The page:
The Religion of Ethical Nationhood.
Kaplan, Mordecai M.
Item Number: 678
New York: MacMillan, 1970.
First edition. Octavo, original cloth. Inscribed in the year of publication as follows, “To ______ ________ with heartfelt thanks for the help and encouragement. Affectionately, Mordecai M. Kaplan May 6, 1970.” Near fine in a very good dust jacket.
Other Books by this Author
"We often fail to grasp the seriousness of the menace to the jewish heritage involved in the modern ideology": First Edition of Mordecai Kaplan's A New Approach to Jewish Life; Inscribed by Him
New York: Hartmore House, 1973.
First edition of the early writings of one of the most influential philosophers in twentieth century American Judaism. Octavo, original cloth. Warmly inscribed by the author, “To Mariam Greenberg, the lady with a new heart and a new spirit, Mordecai M. Kaplan.” Fine in a near fine dust jacket with light wear.
New York: Auxiliary New York Bible and Common Prayer Book Society, 1829.
Small octavo, bound in full red morocco, gilt titles and tooling to the spine, front and rear panels, gilt inlay, marbled endpapers, engraved frontispiece. In very good condition with rubbing to extremities. A very nice example.
London: Oxford University Press, 1930.
First edition of English Egyptologist and philologist Ernest Alfred Thompson Wallis Budge’s classic work. Octavo, original cloth, gilt titles to the spine, illustrated with twenty-two plates and three hundred illustrations in the text. In near fine condition. A nice example.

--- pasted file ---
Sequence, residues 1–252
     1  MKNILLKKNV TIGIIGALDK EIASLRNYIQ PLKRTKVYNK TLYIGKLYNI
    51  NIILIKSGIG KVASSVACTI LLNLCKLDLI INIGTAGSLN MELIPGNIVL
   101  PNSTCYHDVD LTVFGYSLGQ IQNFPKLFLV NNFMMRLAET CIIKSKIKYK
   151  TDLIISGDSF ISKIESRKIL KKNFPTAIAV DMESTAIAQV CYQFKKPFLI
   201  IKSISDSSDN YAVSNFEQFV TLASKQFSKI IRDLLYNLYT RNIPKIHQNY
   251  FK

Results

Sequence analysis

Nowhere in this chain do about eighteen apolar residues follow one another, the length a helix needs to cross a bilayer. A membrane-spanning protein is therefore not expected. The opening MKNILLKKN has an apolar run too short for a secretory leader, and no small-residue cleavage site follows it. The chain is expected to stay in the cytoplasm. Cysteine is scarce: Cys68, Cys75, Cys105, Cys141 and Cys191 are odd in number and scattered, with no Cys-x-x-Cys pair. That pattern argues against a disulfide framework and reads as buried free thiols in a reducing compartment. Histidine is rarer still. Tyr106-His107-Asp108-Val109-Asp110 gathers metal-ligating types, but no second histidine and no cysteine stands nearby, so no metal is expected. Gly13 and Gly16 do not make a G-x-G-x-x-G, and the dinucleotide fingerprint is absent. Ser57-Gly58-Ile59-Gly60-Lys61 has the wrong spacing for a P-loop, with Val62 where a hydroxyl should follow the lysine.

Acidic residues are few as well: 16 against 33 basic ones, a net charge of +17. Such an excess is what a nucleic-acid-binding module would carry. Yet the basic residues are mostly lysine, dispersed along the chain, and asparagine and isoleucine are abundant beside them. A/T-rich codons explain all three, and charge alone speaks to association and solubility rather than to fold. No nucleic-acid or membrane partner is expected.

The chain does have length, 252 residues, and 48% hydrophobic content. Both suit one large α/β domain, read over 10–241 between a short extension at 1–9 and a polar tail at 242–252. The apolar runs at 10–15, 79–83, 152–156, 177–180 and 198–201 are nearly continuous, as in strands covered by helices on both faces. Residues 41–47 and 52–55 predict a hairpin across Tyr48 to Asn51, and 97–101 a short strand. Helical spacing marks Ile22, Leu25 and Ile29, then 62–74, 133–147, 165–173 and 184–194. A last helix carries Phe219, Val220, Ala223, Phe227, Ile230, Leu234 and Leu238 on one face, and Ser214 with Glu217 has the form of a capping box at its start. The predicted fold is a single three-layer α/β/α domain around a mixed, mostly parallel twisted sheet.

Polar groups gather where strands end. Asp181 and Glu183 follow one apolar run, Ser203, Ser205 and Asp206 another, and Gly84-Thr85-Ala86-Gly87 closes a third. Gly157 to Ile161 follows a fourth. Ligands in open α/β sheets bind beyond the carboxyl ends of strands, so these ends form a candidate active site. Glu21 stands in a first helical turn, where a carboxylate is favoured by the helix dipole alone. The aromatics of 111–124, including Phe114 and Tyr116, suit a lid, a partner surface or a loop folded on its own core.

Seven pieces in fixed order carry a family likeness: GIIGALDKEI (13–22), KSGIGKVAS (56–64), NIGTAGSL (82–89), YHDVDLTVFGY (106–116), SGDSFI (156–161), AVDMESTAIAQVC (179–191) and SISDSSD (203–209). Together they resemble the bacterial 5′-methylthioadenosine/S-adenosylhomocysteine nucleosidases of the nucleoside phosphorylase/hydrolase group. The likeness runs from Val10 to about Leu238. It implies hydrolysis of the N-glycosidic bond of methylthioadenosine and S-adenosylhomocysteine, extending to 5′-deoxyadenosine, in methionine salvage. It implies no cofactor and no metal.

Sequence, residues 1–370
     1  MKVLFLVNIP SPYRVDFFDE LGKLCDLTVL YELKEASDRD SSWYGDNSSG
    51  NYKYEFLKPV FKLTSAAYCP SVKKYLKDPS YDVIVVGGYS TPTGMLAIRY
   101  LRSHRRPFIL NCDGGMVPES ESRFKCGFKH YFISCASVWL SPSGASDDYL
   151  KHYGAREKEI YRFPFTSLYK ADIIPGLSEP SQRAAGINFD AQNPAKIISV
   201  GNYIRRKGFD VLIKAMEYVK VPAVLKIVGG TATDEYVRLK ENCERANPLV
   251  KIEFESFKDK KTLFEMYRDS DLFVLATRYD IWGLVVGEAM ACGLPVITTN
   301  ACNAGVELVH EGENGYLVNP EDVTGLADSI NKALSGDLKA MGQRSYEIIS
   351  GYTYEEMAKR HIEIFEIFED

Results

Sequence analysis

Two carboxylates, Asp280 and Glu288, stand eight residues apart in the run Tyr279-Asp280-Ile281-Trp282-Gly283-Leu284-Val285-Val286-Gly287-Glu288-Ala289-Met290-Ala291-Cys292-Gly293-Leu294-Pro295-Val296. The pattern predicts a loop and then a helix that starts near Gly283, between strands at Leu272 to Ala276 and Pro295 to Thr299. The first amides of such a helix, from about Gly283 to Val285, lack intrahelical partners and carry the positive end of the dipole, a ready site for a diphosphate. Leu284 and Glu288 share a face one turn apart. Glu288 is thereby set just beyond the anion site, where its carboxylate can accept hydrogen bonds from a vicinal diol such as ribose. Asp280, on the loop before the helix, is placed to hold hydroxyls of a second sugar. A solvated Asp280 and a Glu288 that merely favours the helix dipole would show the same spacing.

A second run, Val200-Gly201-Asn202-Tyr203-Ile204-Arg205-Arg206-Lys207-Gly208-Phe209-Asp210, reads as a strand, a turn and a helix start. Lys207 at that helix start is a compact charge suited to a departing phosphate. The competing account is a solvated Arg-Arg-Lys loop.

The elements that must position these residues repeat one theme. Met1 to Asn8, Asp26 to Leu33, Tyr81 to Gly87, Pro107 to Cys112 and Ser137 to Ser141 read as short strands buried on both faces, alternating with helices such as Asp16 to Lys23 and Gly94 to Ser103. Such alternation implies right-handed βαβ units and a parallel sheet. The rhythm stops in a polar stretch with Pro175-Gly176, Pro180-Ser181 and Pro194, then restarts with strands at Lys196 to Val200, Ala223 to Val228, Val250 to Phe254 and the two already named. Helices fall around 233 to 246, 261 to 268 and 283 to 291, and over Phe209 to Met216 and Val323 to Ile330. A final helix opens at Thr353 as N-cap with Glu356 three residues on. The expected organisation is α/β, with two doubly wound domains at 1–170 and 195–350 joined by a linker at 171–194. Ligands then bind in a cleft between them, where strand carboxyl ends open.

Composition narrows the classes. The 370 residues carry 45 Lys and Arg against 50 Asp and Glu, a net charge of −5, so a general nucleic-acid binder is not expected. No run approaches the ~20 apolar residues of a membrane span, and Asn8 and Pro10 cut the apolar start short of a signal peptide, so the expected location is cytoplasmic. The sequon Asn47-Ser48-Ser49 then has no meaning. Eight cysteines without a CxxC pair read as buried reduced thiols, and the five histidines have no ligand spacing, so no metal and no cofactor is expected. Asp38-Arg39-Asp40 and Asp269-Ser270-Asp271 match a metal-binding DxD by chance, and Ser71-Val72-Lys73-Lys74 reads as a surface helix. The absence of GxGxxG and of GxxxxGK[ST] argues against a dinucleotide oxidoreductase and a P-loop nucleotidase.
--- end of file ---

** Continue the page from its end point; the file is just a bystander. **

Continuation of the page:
First Edition of Abraham Joshua Heschel's Man Is Not Alone: A Philosophy of Religion; In the Rare Original Dust Jacket
Philadelphia: Jewish Publication Society of America, 1951.
First edition of this modern classic of Jewish theology. Octavo, original cloth. Near fine in the rare original dust jacket with some chips and rubbing. Jacket designed by Marshall Lee.
London: Collins, 1976.
First edition, early printing of this early biography on Mother Teresa, by Desmond Doig, who was the first journalist to cover Mother Teresa. Octavo, original cloth, profusely illustrated. Presentation copy, inscribed by Mother Teresa on the front free endpaper, “Dear Mrs. Doris Engler, God love you for the love you have given and the care you have taken of Jesus in the distressing disguise of the Poor. God bless you M Teresa ME 11/5/77.” Fine in a near fine dust jacket. Of the few signed books by Mother Teresa which we seen and handled, this is by far the longest inscription we have seen.